Objectives - Recording techniques permit the separate analysis of the response from cauda equina roots and the spinal potential that is probably generated by the activation of dorsal horn cells. To improve the functional assessment of focal lesions of the lumbosacral cord, lower limb somatosensory evoked potentials (SEPs) were measured by multisegmental stimulation. Methods - Common peroneal and tibial nerves SEPs were recorded in 14 patients in whom MRI demonstrated compressive cord damage ranging from T9 to L1 levels. SEPs were recorded in each patient at the lumbar level (cauda equina response), lower thoracic level (spinal response), and from the scalp (cortical response). Results - Abnormalities in spinal response occurred in 50% and 70% of tibial and common peroneal nerve SEPs respectively; these findings were well explained by the radiological compression level, involving in most of the patients lumbar rather than sacral myelomeres. The SEPs were often more effective than the clinical examination in showing the actual extension of damage. Conclusions - The recording of spinal SEPs after multisegmental lower limb stimulation proved useful in assessing cord dysfunction and determining the cord levels mainly involved by the compression.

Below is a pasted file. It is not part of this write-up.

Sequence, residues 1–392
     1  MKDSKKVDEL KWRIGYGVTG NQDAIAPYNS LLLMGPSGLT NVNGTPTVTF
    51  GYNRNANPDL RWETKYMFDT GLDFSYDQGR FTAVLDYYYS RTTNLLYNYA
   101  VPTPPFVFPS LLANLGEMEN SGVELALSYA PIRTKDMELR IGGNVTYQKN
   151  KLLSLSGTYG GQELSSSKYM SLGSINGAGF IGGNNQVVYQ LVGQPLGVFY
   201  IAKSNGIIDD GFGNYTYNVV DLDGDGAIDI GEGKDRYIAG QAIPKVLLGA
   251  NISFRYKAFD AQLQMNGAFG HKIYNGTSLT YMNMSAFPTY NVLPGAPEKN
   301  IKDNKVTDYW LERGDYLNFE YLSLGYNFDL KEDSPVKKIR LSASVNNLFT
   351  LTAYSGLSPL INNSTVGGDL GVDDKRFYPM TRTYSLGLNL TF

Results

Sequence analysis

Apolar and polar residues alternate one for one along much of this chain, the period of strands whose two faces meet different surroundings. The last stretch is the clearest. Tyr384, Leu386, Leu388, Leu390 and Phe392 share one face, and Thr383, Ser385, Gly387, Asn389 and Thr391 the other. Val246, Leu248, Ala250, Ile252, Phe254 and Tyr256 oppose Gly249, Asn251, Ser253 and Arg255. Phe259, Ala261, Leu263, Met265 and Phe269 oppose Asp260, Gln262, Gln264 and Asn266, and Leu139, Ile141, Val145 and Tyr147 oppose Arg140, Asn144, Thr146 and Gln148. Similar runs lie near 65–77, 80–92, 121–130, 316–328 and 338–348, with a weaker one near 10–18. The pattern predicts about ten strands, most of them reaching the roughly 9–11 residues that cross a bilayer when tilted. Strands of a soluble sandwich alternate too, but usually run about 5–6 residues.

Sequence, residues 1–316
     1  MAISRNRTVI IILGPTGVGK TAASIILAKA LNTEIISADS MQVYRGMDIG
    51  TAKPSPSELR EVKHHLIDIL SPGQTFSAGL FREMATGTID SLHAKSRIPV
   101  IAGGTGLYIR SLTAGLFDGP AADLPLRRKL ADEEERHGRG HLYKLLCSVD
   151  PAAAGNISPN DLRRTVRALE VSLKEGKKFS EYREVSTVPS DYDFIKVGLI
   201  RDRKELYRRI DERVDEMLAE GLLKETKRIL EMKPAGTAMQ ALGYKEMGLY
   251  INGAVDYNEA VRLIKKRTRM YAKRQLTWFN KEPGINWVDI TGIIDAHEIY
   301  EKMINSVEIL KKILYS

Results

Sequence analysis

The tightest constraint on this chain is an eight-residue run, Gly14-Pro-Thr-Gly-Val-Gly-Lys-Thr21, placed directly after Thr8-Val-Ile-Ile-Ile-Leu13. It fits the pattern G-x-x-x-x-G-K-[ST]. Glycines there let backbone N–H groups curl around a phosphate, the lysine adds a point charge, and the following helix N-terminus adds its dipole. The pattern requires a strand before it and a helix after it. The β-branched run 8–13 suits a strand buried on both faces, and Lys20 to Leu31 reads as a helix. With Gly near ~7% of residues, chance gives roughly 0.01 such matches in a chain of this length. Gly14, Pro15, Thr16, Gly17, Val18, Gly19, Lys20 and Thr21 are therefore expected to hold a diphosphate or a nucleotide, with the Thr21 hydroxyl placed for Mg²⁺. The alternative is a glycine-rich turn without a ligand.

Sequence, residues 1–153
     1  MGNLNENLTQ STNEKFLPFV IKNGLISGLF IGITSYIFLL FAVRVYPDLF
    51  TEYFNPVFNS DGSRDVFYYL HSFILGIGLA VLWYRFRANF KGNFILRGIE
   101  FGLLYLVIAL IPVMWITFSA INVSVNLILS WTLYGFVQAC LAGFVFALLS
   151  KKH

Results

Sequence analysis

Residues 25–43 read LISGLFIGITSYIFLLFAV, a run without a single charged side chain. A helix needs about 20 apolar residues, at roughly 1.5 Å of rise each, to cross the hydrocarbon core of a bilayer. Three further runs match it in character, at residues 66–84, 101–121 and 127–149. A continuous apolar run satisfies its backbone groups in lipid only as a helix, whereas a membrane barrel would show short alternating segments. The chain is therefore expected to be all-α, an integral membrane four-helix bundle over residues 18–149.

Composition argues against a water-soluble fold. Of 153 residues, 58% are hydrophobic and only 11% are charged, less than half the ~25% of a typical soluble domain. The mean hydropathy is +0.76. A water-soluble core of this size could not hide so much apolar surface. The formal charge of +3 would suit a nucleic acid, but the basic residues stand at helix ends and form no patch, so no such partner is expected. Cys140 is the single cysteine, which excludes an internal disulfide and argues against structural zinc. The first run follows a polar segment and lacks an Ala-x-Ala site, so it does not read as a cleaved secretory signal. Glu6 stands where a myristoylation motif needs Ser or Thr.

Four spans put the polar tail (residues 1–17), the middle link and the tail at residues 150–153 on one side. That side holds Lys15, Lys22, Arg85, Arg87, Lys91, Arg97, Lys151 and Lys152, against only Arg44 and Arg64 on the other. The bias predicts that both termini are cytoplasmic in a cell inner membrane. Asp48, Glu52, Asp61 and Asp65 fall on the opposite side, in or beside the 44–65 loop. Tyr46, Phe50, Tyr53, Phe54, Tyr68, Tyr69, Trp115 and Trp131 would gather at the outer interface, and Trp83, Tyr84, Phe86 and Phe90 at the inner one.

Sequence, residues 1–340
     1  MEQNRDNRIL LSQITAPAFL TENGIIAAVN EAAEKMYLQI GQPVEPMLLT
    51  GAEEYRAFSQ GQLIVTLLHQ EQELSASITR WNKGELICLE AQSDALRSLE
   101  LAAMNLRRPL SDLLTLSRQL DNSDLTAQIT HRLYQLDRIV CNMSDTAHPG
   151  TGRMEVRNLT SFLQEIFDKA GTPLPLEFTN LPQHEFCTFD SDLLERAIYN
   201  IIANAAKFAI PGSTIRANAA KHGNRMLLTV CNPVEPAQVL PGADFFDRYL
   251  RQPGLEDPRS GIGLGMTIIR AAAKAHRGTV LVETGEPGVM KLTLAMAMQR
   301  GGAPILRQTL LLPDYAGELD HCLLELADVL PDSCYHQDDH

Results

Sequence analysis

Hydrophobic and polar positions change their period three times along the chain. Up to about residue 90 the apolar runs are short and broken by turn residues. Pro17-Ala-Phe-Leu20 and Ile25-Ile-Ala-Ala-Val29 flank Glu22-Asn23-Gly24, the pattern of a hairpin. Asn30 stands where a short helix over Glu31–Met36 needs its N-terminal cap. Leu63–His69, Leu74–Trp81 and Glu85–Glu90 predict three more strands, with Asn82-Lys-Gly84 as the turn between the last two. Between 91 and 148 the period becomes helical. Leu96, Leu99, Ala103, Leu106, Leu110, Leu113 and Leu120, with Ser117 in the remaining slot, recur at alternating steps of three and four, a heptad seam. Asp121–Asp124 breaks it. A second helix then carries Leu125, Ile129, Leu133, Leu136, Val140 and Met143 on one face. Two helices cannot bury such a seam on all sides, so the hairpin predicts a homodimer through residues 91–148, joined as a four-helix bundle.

- Lower limb
- Somatosensory evoked potentials
- Spinal cord
ASJC Scopus subject areas
- Neuropsychology and Physiological Psychology
- Psychiatry and Mental health